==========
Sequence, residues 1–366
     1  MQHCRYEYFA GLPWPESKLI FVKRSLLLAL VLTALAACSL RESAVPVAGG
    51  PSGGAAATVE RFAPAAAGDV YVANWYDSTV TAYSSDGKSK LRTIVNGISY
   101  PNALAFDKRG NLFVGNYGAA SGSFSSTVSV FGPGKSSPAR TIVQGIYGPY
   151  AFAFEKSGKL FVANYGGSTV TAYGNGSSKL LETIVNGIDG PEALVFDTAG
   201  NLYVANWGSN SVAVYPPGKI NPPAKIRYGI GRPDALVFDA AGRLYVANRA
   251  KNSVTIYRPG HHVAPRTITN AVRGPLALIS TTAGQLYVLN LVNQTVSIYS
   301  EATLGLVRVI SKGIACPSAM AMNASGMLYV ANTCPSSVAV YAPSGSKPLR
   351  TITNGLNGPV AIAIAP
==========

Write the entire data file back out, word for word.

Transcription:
Sequence, residues 1–366
     1  MQHCRYEYFA GLPWPESKLI FVKRSLLLAL VLTALAACSL RESAVPVAGG
    51  PSGGAAATVE RFAPAAAGDV YVANWYDSTV TAYSSDGKSK LRTIVNGISY
   101  PNALAFDKRG NLFVGNYGAA SGSFSSTVSV FGPGKSSPAR TIVQGIYGPY
   151  AFAFEKSGKL FVANYGGSTV TAYGNGSSKL LETIVNGIDG PEALVFDTAG
   201  NLYVANWGSN SVAVYPPGKI NPPAKIRYGI GRPDALVFDA AGRLYVANRA
   251  KNSVTIYRPG HHVAPRTITN AVRGPLALIS TTAGQLYVLN LVNQTVSIYS
   301  EATLGLVRVI SKGIACPSAM AMNASGMLYV ANTCPSSVAV YAPSGSKPLR
   351  TITNGLNGPV AIAIAP